At the age of nine, Truth was sold as a slave along with a flock of sheep for US$100. In 1829, she escaped to freedom with her daughter Sofia, who was still a baby at the time. She was unable to save her two other children.
At the end of 1840 she started advocate loudly for the rights of women and African Americans. She became famous for her impassioned speeches highlighting women's rights, prison reform and universal suffrage. She died in 1883 in Michigan, and is still known today as one of the first advocates of the women's rights movement.

Rosa Parks (1913–2005)

"I want to be remembered as a person who wanted to be free...so that other people could be free too."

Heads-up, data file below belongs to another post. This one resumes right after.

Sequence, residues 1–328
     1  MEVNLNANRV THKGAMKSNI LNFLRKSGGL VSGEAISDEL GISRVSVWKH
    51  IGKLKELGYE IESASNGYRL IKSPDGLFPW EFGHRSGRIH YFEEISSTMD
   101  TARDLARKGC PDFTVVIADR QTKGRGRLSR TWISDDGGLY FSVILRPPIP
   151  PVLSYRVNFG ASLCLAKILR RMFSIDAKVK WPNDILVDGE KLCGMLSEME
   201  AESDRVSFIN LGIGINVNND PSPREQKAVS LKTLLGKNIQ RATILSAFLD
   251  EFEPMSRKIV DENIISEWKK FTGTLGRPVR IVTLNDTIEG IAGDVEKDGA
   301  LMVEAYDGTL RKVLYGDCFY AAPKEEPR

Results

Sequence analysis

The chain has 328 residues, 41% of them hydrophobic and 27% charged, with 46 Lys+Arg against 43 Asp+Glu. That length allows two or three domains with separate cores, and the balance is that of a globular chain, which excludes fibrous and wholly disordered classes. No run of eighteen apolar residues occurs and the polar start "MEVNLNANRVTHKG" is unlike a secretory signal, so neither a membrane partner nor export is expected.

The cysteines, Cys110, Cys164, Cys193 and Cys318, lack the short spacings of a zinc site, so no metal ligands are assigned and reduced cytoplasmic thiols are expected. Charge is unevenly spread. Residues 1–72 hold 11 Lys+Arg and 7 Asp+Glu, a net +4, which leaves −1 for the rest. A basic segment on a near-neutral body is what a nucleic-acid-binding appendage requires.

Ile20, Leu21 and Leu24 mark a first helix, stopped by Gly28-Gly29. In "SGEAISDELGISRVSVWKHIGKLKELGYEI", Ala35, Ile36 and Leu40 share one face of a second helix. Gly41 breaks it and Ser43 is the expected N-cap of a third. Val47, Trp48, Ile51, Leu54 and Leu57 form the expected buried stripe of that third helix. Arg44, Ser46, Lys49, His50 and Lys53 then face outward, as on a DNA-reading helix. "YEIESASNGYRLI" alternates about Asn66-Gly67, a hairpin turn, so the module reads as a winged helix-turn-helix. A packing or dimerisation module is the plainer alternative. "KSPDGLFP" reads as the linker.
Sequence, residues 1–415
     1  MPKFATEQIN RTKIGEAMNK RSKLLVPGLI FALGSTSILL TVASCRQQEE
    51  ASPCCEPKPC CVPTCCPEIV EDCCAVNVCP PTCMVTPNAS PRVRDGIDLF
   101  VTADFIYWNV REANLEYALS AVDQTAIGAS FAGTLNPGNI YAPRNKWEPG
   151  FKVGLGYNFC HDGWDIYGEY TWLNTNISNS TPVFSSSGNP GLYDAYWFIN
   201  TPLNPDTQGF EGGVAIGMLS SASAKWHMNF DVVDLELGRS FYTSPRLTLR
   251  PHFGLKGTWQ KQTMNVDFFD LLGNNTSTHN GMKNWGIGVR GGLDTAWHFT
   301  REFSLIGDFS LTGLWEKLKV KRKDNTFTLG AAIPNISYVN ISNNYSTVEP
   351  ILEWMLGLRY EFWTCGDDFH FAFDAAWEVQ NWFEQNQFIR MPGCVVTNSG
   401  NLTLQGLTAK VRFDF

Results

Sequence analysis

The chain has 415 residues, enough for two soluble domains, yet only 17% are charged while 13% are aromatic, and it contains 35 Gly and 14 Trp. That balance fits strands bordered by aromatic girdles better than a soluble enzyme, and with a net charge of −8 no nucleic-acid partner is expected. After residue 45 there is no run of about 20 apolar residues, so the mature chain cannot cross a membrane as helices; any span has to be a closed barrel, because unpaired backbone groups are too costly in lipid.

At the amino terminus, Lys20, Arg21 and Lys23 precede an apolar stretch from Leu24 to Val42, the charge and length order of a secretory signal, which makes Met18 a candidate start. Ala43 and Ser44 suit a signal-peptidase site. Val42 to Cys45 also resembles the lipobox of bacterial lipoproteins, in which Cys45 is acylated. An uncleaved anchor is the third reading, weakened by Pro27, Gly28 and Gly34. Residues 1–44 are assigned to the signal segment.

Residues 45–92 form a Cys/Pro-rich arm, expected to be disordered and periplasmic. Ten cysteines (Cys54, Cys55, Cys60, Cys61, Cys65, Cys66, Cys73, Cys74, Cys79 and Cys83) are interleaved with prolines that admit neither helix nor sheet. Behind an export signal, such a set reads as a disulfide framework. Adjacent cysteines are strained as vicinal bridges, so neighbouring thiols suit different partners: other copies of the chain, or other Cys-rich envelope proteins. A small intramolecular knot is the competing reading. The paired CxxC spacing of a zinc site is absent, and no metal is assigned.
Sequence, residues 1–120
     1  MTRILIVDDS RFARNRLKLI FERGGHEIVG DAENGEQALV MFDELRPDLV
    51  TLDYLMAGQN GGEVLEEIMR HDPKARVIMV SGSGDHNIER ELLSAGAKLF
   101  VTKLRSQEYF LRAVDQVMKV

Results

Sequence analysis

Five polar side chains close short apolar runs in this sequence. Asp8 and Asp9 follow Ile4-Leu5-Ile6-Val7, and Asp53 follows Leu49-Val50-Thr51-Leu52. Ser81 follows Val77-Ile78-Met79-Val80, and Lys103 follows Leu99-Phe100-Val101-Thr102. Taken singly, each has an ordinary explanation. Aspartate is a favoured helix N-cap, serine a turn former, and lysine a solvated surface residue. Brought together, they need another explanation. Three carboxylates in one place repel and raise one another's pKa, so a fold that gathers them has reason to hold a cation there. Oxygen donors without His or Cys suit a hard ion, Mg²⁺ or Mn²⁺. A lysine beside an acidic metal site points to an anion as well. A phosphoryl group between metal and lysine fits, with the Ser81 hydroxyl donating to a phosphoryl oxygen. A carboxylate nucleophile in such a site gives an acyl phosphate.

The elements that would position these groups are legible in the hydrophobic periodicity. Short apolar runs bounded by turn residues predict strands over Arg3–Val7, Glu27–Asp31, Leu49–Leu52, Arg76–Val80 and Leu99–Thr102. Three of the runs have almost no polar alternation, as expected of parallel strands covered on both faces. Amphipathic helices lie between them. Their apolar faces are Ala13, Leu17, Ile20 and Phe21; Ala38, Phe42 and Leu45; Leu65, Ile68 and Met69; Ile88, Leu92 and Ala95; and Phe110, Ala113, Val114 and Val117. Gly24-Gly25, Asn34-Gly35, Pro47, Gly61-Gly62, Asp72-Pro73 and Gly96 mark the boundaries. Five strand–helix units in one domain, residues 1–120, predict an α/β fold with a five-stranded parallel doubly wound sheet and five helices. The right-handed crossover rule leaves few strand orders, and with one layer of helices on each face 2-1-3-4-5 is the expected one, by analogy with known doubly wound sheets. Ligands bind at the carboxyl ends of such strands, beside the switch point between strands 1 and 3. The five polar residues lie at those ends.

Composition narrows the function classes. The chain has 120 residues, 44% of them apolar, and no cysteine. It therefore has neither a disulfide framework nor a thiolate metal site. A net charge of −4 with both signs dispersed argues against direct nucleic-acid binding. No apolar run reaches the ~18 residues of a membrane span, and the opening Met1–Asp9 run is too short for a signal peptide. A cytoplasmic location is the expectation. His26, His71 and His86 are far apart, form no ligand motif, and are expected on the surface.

It all started in 1955 when Rosa Parks was riding a bus in Alabama and the driver asked her to get up and give up her seat to a white man. Rosa resisted this, and with this seemingly small step launched the civil rights movement in America.

Born in Alabama in 1913, she began attending laboratory technician school at an all-black school at age 11, until she was forced to interrupt her schooling to care for her ailing grandmother. She was a member of the Montgomery African-American community and joined the NAACP chapter, becoming its secretary in 1943. Segregation laws were still in effect in Alabama at the time. In the buses, whites sat in the front and blacks in the back. On December 1, as Parks was riding a bus and sitting in the front of the bus with three other black men, a white man entered the full bus. The driver asked the four to get up and give him a whole row of seats. The three obeyed, but Parks did not. And this disobedience of hers is sparked a wave of protests across America. She died in 2005, aged 92.

Malala Yousafzai (1997–)

"I am not telling my story because it is something special, but because my story is the story of many girls."